Microsoft is suffering from MASSIVE employee malaise. Truly a small percentage of these people are malcontents and probably should leave. But there is a HUGE majority that if they had empowering managers and GREAT pay, they would kick it up a notch and stick. I know I would. I do have a great manager, I hear he's leaving. I'm not talking about "good" pay, or "better"...I'm talking about GREAT pay. Take $1B of that money that is disappearing into Web 2.0 (WTF) projects in MSN and give it back to employees. And do that every year. Lay off some of those employees that just live to produce that single slide deck every quarter, and distribute their salary among those that remain. Do something big. A person grossing 100K per year should see an instant 20% raise.

    I say they need to stop the malaise and towels are not enough. You must stuff that green paper into the wound.

    By Anonymous Anonymous, at 11:05 PM  

  • On the MiniMSFT thread there was a response to the “shareholder value isn’t my concern” comment that got pretty close to the issue.

    … managers and leads are the ones to determine what's best for the shareholders and translate that into marching orders for the ICs. The performance review model is, in theory, a way to get ICs to what their managers want which should … serve to increase shareholder value…I don't know how to personally deliver shareholder value. I know very little about the whims of the stock market. I do now how to improve my product…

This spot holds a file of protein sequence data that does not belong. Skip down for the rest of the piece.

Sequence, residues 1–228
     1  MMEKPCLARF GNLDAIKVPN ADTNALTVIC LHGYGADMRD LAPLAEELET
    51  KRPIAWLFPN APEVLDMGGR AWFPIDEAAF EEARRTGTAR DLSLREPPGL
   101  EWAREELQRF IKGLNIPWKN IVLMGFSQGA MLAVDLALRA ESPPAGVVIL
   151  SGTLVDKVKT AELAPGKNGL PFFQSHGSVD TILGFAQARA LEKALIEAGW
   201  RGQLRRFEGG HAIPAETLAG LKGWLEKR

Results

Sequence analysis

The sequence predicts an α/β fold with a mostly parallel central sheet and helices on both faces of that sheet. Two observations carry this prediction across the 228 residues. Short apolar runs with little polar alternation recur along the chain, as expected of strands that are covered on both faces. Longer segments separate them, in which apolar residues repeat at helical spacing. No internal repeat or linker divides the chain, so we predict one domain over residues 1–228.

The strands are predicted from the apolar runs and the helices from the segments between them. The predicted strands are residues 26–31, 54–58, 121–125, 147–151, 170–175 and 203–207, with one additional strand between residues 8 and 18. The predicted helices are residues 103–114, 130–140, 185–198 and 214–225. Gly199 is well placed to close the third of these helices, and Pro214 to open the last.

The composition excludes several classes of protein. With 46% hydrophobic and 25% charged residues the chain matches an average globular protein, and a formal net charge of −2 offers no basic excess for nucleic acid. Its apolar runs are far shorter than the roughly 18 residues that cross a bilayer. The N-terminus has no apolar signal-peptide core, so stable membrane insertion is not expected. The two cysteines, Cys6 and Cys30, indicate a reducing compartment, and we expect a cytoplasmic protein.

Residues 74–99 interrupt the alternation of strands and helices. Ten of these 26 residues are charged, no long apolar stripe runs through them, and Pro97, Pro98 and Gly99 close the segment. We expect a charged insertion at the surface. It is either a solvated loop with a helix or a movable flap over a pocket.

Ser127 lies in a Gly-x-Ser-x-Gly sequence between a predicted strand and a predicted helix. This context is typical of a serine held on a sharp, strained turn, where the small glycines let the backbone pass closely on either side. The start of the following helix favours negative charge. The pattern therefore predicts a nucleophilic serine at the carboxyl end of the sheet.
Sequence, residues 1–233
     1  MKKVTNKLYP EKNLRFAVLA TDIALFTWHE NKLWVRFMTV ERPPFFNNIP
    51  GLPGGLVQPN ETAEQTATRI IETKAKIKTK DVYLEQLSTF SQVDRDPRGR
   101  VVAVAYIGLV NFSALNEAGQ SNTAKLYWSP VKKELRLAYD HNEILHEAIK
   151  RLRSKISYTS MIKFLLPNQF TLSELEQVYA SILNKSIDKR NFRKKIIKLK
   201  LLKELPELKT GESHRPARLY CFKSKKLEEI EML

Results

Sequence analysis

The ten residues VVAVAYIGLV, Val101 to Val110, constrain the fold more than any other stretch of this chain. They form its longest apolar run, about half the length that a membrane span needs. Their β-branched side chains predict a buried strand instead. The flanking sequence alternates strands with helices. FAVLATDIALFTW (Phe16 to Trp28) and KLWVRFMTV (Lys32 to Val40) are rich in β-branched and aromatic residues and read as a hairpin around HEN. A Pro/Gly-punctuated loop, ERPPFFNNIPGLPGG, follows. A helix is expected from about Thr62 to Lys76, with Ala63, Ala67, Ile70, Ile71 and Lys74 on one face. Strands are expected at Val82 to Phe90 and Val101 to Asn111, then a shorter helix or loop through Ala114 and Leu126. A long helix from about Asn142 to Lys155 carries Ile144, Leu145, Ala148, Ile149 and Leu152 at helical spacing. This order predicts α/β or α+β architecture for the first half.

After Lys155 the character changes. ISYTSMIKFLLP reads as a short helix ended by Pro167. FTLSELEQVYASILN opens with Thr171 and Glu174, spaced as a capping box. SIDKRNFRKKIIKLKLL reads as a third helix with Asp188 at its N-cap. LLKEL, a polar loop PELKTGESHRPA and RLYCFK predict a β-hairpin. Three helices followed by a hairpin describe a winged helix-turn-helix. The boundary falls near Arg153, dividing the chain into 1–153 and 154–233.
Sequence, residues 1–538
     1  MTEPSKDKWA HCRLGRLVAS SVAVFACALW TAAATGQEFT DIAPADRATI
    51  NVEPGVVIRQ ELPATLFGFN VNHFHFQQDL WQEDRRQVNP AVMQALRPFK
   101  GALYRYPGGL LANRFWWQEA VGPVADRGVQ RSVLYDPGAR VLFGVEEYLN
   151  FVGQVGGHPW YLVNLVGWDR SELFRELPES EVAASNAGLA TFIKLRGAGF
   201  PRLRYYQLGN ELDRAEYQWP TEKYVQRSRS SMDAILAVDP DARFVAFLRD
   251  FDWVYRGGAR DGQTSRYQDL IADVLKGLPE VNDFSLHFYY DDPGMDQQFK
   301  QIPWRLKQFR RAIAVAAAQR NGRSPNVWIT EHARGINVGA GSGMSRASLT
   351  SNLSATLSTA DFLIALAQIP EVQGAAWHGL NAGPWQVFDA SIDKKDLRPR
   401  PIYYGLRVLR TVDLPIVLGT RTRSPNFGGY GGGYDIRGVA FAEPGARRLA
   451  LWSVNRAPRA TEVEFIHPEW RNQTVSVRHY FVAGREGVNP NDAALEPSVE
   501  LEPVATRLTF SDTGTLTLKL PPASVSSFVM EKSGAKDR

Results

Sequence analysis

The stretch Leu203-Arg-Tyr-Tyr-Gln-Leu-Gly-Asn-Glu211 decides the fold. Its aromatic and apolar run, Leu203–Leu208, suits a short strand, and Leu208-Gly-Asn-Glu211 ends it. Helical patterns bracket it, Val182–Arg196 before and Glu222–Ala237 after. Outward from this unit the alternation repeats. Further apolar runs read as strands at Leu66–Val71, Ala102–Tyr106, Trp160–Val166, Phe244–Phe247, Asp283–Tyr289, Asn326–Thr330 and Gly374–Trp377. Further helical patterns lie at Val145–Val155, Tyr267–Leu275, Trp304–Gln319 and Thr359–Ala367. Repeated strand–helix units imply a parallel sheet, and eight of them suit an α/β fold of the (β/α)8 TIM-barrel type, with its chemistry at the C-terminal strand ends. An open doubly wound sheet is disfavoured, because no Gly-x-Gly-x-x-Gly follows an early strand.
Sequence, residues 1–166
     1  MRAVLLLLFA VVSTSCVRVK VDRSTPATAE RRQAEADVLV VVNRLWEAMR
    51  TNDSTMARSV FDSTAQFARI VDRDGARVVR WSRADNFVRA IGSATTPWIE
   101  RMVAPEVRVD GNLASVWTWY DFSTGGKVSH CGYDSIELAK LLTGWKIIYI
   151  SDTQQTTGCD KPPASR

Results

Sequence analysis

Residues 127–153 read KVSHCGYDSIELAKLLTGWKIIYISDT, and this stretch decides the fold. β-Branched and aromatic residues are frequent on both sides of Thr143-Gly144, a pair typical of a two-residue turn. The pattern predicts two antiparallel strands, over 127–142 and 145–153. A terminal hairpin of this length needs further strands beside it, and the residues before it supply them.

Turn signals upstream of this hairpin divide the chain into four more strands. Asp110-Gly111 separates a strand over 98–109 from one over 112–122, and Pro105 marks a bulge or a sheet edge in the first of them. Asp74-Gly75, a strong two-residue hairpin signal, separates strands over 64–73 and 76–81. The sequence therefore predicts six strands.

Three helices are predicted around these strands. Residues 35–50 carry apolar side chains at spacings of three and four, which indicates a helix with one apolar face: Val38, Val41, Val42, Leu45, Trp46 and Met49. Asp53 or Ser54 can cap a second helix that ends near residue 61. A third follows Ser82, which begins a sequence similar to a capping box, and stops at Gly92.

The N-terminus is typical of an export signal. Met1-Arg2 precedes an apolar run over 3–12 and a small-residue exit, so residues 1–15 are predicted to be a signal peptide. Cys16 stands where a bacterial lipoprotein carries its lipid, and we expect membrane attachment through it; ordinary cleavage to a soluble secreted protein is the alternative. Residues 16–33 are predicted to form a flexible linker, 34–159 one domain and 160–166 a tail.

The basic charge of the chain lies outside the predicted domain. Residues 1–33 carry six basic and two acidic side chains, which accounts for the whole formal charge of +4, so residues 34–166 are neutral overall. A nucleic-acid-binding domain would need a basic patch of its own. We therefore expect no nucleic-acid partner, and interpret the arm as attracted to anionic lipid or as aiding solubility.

I’d bump it up a level or two, but the sentiment is right. The executives are the ones who should focus on shareholder value and the ICs and line-level leads focus on execution against the strategies their leaders set out.

    I’ll leave it to others to decide if executives are rewarded for attention to shareholder value, but ICs are not generally rewarded for execution against objectives. IC compensation is based more on subjective “potential” than objective accomplishment. Promotions and stock awards go to those who seem most able to take on larger challenges. Of course that makes sense, but the enormous disparity in compensation between those judged “average” MSFT and those judged “outstanding” causes people to lose focus on current execution as they try so very hard to show potential for their next job. MSFT has created a culture where “doing your job competently” just isn’t good enough. Predictably, this means doing your job well is not valued. Doing my job makes me fall behind inflation. Is it any wonder we have problems with execution?

    By Anonymous Anonymous, at 11:44 AM